On a recent visit to Helsinki to lead a two-day workshop on Host, I was lucky enough to meet a fellow called Markus (right). He splits his time between advisory services and teaching at the university, and is very interested indeed in looking closely at his work as service to others. Indeed, he takes this so seriously that he actually trained to be a butler!
It’s easy to think of butlers as a historical phenomenon from years gone by. Characters such as Carson from the popular TV series Downton Abbey feel like something from another time and place. However, Markus told me that the butlering profession (as they really do call it) is well alive and appreciated thriving. There are schools around the world, and increasing a number of families and institutions are benefiting from professional butlering services.
The training at the International Butler Academy is very practical indeed. There is little in the way of theory:; it starts with the very basics – how to stand, how to walk, how to be alert, how to dress, how to address others – before moving onto issues such as different aspects of household management, etiquette and ethics. Markus noted that these practical aspects of service are seldom a part of conventional school curriculums (and perhaps it should be, with the recent UK discussions about a ‘glass floor’ holding back youngsters with less developed social skills). The butler’s position is usually to head up the family’s service team – which may include nannies, cleaners, cooks, gardeners and so on. They co-ordinate these different roles, and often act as a key contact point.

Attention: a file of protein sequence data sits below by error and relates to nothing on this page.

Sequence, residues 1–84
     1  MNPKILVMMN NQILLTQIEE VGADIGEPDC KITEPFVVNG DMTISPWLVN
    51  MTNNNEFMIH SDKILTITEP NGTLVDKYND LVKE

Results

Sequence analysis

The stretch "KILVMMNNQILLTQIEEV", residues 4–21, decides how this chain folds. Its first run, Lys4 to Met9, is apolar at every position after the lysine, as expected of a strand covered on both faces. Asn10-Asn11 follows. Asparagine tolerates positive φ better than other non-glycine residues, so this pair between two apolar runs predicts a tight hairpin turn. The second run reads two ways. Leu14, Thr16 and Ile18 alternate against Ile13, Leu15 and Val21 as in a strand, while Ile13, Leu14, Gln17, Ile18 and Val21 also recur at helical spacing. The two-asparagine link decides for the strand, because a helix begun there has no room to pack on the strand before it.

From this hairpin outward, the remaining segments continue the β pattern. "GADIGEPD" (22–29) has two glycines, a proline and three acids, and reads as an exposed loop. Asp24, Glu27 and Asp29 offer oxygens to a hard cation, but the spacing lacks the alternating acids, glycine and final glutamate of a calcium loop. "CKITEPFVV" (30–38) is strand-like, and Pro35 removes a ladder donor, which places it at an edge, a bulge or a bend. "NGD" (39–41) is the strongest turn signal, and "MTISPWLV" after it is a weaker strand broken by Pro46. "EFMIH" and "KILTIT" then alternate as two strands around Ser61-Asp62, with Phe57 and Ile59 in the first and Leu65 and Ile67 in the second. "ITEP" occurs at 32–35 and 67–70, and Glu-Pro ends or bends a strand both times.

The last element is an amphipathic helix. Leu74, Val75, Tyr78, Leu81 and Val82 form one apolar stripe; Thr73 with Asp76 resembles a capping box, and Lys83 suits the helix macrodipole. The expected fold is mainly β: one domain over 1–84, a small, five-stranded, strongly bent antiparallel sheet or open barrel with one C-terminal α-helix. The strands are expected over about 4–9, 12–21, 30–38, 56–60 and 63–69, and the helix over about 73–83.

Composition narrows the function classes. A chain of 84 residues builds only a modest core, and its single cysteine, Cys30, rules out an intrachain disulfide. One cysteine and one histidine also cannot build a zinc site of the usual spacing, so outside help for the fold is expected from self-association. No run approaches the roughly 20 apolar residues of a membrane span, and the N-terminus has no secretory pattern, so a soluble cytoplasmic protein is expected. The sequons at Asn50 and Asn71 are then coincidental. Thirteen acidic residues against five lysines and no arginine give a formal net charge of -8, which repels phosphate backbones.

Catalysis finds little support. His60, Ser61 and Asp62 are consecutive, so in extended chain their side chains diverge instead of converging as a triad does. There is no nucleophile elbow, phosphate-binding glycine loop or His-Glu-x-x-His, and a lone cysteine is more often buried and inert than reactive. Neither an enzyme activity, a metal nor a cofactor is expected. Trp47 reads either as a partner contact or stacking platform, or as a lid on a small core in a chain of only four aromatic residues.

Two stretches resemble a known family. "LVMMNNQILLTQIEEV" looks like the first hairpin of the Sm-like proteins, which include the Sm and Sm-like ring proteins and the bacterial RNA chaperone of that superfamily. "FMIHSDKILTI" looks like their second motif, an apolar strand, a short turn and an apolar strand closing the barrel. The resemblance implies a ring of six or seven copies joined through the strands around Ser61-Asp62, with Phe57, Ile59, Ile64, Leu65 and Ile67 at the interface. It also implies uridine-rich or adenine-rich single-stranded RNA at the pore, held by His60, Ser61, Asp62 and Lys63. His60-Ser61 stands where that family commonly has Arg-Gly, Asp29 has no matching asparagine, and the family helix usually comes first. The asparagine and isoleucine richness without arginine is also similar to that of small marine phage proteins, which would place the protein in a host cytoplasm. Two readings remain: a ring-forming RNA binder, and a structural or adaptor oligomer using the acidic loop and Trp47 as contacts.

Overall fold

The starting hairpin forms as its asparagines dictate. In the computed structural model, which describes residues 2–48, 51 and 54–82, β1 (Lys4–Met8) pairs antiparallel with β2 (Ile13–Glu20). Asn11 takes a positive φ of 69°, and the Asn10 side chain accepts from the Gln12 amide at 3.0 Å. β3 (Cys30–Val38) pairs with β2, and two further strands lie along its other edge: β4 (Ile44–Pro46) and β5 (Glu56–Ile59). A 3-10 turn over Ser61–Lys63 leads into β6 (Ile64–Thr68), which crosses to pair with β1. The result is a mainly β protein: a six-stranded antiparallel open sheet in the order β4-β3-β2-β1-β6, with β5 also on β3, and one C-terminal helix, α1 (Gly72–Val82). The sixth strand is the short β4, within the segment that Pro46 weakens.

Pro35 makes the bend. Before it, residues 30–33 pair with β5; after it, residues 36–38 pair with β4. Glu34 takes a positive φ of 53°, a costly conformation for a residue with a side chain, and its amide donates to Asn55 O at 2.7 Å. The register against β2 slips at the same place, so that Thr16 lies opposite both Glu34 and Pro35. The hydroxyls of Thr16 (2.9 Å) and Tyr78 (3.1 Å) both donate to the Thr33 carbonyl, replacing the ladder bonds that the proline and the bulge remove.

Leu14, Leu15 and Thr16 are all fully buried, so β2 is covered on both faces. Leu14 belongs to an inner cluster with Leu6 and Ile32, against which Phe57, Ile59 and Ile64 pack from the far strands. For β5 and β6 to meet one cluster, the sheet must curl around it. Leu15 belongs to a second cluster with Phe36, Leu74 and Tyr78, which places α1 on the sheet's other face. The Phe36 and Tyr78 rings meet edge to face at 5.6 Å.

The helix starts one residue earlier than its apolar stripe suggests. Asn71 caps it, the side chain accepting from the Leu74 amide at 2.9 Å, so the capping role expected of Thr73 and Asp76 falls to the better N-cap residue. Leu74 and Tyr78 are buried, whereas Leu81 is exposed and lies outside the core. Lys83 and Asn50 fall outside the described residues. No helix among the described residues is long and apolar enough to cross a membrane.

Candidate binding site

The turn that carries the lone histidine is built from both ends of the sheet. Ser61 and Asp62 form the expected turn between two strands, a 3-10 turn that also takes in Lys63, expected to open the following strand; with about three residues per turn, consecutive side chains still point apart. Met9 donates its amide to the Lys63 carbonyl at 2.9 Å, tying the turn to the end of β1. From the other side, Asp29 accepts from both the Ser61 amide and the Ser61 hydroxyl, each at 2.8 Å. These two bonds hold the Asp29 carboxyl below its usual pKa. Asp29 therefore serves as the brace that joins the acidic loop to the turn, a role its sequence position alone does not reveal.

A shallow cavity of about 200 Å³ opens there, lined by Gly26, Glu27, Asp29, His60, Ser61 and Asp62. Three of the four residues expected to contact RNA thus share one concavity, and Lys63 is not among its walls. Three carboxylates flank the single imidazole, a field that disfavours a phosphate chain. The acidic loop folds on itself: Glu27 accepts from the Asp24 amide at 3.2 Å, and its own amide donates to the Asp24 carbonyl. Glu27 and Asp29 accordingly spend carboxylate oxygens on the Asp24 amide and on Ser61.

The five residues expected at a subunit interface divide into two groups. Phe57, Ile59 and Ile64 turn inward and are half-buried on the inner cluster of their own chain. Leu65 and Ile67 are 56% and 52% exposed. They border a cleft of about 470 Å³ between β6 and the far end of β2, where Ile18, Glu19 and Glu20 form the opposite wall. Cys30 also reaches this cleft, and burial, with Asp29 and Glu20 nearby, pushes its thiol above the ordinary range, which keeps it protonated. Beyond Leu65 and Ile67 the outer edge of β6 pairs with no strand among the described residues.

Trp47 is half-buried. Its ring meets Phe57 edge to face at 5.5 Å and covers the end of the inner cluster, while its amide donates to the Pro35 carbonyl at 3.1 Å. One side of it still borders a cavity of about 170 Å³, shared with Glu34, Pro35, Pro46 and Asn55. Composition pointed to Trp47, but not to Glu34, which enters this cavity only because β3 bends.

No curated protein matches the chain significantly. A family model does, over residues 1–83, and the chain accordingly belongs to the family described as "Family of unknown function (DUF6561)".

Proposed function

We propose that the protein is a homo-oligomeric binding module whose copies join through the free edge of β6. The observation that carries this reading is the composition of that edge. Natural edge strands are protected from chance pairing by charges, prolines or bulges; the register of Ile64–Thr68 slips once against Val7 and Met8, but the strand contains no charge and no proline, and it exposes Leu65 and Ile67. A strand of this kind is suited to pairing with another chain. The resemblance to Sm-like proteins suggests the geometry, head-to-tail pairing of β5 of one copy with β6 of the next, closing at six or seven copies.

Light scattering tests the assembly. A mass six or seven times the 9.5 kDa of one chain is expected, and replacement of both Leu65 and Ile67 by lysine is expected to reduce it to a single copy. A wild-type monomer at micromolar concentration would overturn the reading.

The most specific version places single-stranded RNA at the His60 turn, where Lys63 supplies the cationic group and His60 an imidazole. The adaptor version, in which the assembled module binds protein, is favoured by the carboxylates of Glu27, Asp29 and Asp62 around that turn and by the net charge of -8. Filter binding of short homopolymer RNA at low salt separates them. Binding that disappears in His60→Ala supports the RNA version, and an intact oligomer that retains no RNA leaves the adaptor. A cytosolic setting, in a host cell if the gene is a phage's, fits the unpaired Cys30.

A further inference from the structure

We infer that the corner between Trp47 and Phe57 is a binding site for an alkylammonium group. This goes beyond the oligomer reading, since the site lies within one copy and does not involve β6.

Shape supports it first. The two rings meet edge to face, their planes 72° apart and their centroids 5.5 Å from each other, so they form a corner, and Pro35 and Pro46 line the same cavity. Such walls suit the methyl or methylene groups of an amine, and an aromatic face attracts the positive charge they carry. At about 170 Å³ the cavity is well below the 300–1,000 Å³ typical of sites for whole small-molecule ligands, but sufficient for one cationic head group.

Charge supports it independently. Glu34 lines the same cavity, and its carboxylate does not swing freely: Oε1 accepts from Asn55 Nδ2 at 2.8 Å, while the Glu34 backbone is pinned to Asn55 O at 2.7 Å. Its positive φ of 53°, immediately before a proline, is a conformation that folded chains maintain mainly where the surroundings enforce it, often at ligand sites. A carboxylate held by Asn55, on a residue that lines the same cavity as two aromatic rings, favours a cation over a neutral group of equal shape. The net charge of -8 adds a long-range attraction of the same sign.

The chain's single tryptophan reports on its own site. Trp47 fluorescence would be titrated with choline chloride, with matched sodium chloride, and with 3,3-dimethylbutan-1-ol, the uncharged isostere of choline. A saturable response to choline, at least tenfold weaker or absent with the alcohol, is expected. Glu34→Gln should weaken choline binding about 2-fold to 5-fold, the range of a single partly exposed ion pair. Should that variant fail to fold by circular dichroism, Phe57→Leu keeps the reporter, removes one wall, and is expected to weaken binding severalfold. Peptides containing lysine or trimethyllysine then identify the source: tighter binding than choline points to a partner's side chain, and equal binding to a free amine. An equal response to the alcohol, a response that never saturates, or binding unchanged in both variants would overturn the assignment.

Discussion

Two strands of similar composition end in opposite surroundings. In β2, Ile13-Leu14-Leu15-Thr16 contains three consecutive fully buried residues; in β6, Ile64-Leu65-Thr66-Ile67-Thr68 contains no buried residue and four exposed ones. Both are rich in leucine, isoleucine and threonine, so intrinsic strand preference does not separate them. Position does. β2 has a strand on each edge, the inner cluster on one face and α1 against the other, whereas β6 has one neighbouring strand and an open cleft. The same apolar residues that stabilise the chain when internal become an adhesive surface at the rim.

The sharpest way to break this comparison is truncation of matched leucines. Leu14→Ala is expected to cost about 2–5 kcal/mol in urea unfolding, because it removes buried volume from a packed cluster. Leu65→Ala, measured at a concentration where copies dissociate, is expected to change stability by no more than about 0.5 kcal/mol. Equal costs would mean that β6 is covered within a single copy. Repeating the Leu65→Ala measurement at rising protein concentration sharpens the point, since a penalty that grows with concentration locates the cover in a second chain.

Markus told me that the master/servant relationship is healthy when it is balanced – even though the butler is employed by the family and is there to support them in their lifestyle. Butlers need to show excellent ‘situational sensitivity’ – noticing what is going on and what is needed next in a particular context. This echoes very strongly our work on host leadership, with the focus on knowing when to step forward (to act) and then back (to observe, notice and prepare for the possibility of having to step forward again in a different role). We agreed on the risk of the butler or host being ‘too centric’ – seen as an indispensable hub rather than as a figure who appears when needed and then steps back and seems to blend into the surroundings.
In the end, I am very impressed with Markus’s service ethic. “Doing a good service is part of leading a meaningful life”, he says. The art of the butler is not merely how to serve, but how to serve elegantly, effectively and almost invisibly. Things just happen – at the right moment and with the right style. Does your team need a butler? And how can you help to serve them both effectively and elegantly?